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How often do you need to replace the filters? That seems like a real pain to clean.

I cut parts almost every day, and change my filters once every few weeks. They last quite long and are inexpensive

What is the liquid? Could it work with tap water, and just let everything wash down the drain, eliminating the filters?

The liquid I use is tap water, which the machine itself deionizes to 15 microSiemens. A closed water system is a must, not only to keep your water bill from exploding, but also for the environment.

Does it outgas into the air?

Yes, the EDM process produces non-toxic but flammable hydrogen gas.

Can you smell it? Do you need a hood, or ventilation?

Hydrogen does not have an odor. The amounts produced are small. I tried to set the Hydrogen on fire, but amounts are so small that I could not get a steady flame started. So no ventilation is required.

What is the shock risk? If the high voltage cables get a hole warn in them, will the power supply detect a leak?

The output of the BX17 arc generator is fully isolated from mains. The maximum output voltage is 150V. Just touching the wire or part does not result in a shock. Touching the wire and part at the same time can.

Have you been shocked by it? If someone touches it while it’s running will they get a shock?


Does it produce RF that interferes with other electronics (phone, TV, computers, etc) when it’s running?

The EDM process is inherently noisy. If you do not shield your machine, you can disturb radio transmissions. Higher frequencies are not affected (cell phones and WiFi), but it does disturb AM radio.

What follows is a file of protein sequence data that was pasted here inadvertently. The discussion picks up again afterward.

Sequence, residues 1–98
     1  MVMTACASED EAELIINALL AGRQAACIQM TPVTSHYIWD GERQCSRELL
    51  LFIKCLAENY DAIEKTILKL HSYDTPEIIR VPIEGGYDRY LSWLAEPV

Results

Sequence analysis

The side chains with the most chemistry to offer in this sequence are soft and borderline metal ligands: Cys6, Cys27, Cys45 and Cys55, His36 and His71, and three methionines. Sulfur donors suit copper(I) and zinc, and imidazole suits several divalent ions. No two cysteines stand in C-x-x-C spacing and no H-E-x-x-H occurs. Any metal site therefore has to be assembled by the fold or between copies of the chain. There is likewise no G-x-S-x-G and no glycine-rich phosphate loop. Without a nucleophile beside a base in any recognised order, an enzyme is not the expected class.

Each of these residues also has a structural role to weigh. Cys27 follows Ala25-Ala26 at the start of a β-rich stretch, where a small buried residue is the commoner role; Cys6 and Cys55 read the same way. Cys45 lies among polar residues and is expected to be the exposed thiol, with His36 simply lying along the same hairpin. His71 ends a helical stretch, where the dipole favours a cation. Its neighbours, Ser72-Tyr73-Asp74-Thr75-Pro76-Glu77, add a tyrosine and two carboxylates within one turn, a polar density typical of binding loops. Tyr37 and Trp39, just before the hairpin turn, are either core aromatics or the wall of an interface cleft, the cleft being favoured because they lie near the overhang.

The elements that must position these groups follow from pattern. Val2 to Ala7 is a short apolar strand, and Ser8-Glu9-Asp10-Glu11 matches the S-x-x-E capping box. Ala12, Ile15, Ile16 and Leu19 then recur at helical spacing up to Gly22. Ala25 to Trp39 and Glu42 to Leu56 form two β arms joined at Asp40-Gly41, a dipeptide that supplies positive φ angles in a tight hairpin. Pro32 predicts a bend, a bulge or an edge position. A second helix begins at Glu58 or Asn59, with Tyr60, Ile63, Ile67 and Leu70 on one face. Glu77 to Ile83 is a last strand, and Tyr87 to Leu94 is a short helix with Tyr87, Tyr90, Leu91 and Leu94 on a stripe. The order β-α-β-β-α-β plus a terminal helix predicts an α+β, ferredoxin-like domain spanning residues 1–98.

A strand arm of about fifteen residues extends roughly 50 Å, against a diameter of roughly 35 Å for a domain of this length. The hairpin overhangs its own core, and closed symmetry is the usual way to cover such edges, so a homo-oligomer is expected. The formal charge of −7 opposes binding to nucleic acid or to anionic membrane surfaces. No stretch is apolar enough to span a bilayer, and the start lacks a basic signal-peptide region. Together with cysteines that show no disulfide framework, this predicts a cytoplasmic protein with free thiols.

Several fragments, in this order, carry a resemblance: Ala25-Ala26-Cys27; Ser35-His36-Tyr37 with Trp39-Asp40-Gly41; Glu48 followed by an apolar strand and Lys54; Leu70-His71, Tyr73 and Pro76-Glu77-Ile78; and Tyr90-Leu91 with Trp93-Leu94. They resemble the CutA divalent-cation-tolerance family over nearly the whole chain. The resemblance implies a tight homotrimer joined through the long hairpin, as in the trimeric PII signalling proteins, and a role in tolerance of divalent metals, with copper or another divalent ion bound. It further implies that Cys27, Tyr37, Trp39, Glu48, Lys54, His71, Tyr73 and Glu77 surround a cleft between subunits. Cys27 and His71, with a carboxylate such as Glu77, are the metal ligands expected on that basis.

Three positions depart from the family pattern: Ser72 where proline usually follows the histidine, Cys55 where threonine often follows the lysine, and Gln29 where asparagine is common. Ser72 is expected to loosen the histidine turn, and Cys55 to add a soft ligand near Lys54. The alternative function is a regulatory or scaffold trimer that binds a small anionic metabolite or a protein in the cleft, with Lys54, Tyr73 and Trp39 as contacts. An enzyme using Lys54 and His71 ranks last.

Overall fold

How hazardous is the waste water/ filter sludge?

If you do not cut materials or alloys with nasty elements in them, the waste is not toxic. However, just as a precaution, I dispose my saturated filters as chemical waste (like batteries and old paint cans and such).

Would it be possible to dry it and reuse it, or burn it in a plasma flame to eliminate it?

Everything is possible, but very unlikely to be practical or economically viable.

What is the feed rate of the wire?

The machine determines that automatically, and strongly depends on the material that you cut. It can be as fast as 30mm/min for thin Aluminum, all the way down to 0.5 mm/min for thick steel.

How much does the wire cost?

About 90 Euros for a 10 Kg spool, depending on where you get it from.

Where do you buy it? Material? Size? Length? Weight? Availability?

Its easy to get online from Ebay, Aliexpress and the like, or find your own local EDM supplier.

What is the condition of the waste wire?

The waste wire is partly eroded, with a coarse surface. Its weakened because of this.

How could the wast wire be reused?

It can be recycled, but not reused as it is damaged and weakened too much.

Does the high-voltage wire polarity effect the wire speed?

Yes it does. For almost all metals the workpiece is positive and the wire negative, except for machining thick aluminium, for such cases it is best to use a reversed polarity, as that helps preventing wire breaks.

When lightning strikes the ground, the ground is damaged, but the clouds are not. If you could reproduce a miniature cloud-like environment, you wouldn’t need wire. For example, if the wire was surrounded by a thin gas (eg argon barrier) barrier, would it eliminate the need to move the wire?